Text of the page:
2. Access Web Databases - This applies to Access 2007/2010.   Data was stored in SharePoint, and with Access Services in SharePoint, you could off a app through a web browser.   Problem is, the app you can offer resembles nothing like what you can do in the desktop and the data was in SharePoint.

3. Access Web Apps - This was rev 2 of getting Access to the web and was done in Access 2013 and 2016.   The change was that the data was moved into a Azure DB (SQL), and the web app front end was served through SharePoint.   Again, the app resembles nothing like would you'd get on the desktop and what you could do with web apps was very limited.

 Microsoft (and developers) have given up on all of that.   So really, forget about SharePoint<g>.

 As long as your users have a network connect with latency <30ms and have a speed of 100mb/sec or more, they can run the app directly.        If you can't meet that, then you can:

1. Move the data into SQL server

2. Run the current app on Citrix or Terminal Services.

  The first may require a re-write to get adequate performance depending on where the users are, but you do get rid of the problems of running on a wide area network.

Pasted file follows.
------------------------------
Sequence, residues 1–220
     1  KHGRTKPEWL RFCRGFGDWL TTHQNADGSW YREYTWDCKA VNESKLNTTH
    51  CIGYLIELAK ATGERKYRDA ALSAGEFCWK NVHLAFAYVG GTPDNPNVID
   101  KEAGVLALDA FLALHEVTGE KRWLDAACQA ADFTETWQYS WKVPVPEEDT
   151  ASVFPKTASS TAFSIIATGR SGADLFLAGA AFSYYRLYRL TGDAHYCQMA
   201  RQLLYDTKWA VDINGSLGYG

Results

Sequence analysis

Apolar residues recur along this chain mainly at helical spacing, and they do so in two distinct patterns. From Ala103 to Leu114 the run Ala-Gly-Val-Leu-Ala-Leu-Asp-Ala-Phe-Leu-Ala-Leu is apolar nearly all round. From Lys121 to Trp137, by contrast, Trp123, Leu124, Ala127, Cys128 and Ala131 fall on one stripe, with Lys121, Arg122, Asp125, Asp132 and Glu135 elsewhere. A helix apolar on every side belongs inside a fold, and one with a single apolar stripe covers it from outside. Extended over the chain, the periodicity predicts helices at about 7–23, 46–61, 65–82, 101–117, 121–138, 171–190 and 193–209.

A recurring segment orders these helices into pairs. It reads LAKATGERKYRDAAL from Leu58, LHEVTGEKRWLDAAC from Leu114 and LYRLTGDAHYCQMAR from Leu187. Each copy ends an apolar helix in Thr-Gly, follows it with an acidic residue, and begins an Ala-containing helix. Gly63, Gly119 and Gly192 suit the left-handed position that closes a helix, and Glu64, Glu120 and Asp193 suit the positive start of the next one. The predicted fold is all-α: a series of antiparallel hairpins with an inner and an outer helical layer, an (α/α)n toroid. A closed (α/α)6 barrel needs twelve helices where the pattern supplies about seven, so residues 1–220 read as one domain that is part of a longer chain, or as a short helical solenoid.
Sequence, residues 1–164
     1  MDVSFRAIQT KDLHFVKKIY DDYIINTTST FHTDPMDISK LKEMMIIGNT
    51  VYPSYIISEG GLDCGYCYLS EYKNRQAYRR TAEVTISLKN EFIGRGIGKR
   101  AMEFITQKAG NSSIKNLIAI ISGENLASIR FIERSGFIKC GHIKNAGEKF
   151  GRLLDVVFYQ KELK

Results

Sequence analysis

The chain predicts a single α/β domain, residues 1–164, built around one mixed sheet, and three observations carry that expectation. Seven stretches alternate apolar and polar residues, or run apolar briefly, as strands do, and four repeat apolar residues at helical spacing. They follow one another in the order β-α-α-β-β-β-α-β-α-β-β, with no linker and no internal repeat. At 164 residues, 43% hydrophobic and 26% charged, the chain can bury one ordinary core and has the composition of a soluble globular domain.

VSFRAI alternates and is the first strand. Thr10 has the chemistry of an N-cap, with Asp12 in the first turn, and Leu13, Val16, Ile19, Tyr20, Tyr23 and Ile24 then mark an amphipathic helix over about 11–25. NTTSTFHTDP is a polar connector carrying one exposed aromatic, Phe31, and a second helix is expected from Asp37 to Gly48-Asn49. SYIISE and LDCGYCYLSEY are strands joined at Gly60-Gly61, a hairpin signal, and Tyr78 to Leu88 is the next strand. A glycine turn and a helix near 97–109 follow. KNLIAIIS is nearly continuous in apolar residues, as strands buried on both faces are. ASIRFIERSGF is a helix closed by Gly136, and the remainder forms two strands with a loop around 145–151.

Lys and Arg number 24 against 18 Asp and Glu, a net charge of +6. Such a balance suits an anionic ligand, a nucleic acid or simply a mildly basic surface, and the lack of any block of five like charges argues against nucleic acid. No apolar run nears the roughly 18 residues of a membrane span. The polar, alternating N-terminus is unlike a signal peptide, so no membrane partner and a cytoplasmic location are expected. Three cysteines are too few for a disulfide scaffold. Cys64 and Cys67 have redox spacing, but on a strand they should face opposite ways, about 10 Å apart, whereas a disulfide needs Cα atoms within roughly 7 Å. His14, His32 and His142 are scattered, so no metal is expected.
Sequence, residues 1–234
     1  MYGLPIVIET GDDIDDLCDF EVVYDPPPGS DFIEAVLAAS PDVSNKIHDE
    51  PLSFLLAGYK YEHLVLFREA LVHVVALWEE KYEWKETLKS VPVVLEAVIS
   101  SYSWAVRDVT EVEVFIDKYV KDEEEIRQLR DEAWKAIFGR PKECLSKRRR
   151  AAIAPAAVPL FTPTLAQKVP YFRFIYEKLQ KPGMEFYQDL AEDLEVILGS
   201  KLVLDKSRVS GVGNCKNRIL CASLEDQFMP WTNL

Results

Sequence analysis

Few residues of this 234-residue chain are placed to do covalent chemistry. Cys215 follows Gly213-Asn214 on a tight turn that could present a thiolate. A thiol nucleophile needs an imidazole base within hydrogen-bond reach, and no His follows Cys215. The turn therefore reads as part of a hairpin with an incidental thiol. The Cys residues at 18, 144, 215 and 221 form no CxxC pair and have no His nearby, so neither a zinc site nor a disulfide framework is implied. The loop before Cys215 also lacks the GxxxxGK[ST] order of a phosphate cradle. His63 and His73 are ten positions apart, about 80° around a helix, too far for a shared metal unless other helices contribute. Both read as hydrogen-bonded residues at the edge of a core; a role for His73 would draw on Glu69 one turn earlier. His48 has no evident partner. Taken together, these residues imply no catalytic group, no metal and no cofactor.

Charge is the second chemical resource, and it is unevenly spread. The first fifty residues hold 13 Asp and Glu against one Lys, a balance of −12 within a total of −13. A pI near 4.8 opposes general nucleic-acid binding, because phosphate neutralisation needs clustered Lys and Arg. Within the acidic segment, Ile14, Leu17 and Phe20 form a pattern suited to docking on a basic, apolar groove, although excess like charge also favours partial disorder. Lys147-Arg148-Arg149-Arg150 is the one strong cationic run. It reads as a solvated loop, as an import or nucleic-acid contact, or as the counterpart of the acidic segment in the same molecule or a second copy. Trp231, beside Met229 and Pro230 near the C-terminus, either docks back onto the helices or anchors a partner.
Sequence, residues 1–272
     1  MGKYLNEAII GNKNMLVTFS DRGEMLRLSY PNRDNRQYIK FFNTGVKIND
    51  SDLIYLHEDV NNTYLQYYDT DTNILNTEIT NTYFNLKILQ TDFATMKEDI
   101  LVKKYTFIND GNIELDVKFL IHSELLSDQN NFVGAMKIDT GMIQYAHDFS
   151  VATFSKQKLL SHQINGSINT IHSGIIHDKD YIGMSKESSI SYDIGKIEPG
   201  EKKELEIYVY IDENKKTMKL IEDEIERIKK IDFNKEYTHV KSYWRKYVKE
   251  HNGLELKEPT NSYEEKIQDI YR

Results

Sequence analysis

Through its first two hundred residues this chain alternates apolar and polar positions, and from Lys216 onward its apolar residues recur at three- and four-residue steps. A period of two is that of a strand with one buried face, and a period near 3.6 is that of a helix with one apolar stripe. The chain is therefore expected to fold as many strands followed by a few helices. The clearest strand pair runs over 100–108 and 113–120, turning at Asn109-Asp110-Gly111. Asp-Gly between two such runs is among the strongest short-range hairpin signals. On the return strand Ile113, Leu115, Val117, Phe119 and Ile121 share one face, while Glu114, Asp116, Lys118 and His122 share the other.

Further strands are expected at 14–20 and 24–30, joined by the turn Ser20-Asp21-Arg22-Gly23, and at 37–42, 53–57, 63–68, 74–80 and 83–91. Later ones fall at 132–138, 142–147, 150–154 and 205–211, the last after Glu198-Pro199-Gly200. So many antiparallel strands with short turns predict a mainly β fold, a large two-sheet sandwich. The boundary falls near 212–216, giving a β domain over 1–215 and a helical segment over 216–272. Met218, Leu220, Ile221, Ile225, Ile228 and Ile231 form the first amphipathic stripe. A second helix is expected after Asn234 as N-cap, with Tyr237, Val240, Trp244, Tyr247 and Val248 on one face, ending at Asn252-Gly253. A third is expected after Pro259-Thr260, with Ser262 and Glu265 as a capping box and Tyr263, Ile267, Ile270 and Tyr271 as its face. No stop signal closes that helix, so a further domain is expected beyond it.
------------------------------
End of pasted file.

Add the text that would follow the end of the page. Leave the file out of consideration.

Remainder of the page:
#2 is the route most go because it's basically "plug and play" and the app needs little (if any) changes.

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I don't like duplicating forms but this may be a situation where I would do it. Giving the other people access to the entire app doesn't sound like something you want to do so that would mean imposing a login system on top of the app and modifying all the forms (or possibly just the menus) to restrict access to only specific users.  It might be simpler to create a very focused FE for just the "other" users.  I would make them log in so you can restrict them to only updating their own tasks.  If there is no problem with seeing other people's tasks, I wouldn't bother to control viewing.  But you will need to control updating.